A couple of novels set around colonial times in Malaya:
The Garden of Evening Mists, by Tan Twan Eng. A story of tragedy and loss reminisced by a retired judge who returned to the lush greenery of Cameron Highlands long after the second world war. Although the plot seems to move at still pace, there is actually a rather intriguing story. For once I can read a novel and understand all the colloquial terms without looking them up. On the other hand, I did have to look up some of the references to Japanese culture (which coincided with my preparation at that time for a short trip to Japan).
The Singapore Grip, by JG Farrell. This author was recommended by a new friend and I was on a Malayan modern history binge (alright, the story was largely set in a time when Singapore was part of the Straits Settlement and not Malaya per se, but the fall of Singapore is pretty much the fall of Malaya). Again, there is an added sense of affinity to read a novel and get most of the references. Interesting bits on rubber price-fixing and supply manipulation for commerce junkies.
To Kill a Mocking Bird, by Harper Lee. Re-read this to much delight. So much humour and warmth. Scout was forced to wear a dress: “I felt the starched walls of a pink cotton penitentiary closing in on me, and for the second time in my life I thought of running away. Immediately“. In another chapter, Jem asked Atticus bleakly: “How could they do it, how could they?” to which Atticus replied, “I don’t know, but they did it. They’ve done it before and they did it tonight and they’ll do it again and when they do it — seems that only children weep.”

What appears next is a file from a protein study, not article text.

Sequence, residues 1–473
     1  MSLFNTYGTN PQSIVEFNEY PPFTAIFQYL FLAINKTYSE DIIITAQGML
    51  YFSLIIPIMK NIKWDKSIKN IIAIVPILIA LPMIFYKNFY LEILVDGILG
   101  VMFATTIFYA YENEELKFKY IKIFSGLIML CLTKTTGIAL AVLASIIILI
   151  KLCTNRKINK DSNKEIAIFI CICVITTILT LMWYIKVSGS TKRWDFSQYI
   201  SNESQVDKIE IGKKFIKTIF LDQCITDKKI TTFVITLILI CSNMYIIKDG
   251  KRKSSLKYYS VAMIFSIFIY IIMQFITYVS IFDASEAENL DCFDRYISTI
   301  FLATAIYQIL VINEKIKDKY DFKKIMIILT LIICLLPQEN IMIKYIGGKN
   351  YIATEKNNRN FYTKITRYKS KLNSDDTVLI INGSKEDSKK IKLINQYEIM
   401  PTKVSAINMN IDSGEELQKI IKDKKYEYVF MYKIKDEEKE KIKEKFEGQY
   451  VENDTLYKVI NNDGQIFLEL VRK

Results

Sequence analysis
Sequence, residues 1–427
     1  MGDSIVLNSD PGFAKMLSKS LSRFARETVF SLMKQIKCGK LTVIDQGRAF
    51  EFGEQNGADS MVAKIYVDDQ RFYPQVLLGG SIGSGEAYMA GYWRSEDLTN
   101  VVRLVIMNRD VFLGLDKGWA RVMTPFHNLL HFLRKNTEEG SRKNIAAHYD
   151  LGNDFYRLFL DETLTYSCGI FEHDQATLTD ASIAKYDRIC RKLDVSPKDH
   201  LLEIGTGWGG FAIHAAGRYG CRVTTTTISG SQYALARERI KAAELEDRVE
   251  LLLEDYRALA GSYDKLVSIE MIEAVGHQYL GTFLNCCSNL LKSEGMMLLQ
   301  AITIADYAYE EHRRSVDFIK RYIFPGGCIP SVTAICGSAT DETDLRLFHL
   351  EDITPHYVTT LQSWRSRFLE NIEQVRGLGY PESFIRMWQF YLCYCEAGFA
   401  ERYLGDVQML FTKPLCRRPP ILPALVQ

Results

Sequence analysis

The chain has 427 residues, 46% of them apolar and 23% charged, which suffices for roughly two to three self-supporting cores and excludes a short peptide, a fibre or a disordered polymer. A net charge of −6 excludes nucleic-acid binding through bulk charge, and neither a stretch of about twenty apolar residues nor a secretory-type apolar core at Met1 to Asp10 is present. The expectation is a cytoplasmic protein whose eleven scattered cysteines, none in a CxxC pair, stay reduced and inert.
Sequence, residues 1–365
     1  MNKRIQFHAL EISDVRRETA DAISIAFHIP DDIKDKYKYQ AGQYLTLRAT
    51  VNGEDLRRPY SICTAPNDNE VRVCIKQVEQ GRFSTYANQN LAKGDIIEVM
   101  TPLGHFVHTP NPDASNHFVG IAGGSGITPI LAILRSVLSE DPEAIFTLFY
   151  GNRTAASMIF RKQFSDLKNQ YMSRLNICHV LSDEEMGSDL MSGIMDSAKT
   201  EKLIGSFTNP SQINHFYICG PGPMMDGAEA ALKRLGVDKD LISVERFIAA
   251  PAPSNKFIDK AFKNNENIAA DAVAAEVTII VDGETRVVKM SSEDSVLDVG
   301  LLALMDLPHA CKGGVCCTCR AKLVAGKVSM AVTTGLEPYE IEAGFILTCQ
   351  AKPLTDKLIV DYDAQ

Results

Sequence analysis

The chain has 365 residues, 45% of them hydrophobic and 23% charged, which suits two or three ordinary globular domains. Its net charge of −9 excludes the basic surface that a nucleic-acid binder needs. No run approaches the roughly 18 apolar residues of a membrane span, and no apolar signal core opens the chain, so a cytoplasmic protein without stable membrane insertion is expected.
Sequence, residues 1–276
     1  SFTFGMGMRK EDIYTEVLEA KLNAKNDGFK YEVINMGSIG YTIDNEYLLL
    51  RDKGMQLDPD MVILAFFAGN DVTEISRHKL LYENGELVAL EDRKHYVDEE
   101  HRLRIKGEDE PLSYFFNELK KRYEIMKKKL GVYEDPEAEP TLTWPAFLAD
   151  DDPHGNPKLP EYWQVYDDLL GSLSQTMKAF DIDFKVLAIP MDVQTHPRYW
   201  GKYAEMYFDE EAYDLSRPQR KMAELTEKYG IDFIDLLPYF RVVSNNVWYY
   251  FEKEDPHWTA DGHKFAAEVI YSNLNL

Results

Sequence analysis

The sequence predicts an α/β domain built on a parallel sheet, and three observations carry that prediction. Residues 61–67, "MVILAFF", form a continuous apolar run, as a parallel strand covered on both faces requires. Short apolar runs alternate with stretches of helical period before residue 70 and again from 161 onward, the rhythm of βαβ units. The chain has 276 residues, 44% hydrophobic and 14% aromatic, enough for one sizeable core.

Wolf Totem, by Jiang Rong (in Chinese). Life in Inner Mongolia with the wolves. Book consists of chapters of the protagonist’s life as a young cadre sent to the great grasslands during the Cultural Revolution. The book is said to be a projection of the author’s own owe of the nomadic people. But that doesn’t mean the book is not informative in its depiction of the life of nomads even if as a biased contrast to the Han chinese settlers. In case you are interested, there’s an English translation of this book.
The Little Book of Plagiarism, by Richard A. Posner. It really is a little book. A short and concise explanation on the difference between plagiarism and copyright infringement, and why good art doesn’t necessarily have to be original (in the author’s opinion). Written by a U.S. judge.
The Last Lingua Franca, by Nicolas Ostler. This is the second book I have on the history of languages by the same author. Glad to have this book on my shelf to flip through before my trip to Uzbekistan (where so many people are multi-linguals but seldom one in common with me! If there is one super power I want to have, it is the ability to understand 10 languages. Or 10 lingua francas. I’m not greedy. Just 10 will do.)
Europe and the people without history, by Eric R. Wolf. Just into the first chapters: so far this book is fascinating.
The Rock of Tanios, by Amin Maalouf
Law and Literature, by Richard A. Posner
The Railway, by Hamid Ismailov
A collection of plays by a Malaysian playwright.
I’d like to know what interests you. So tell me, what have you been reading?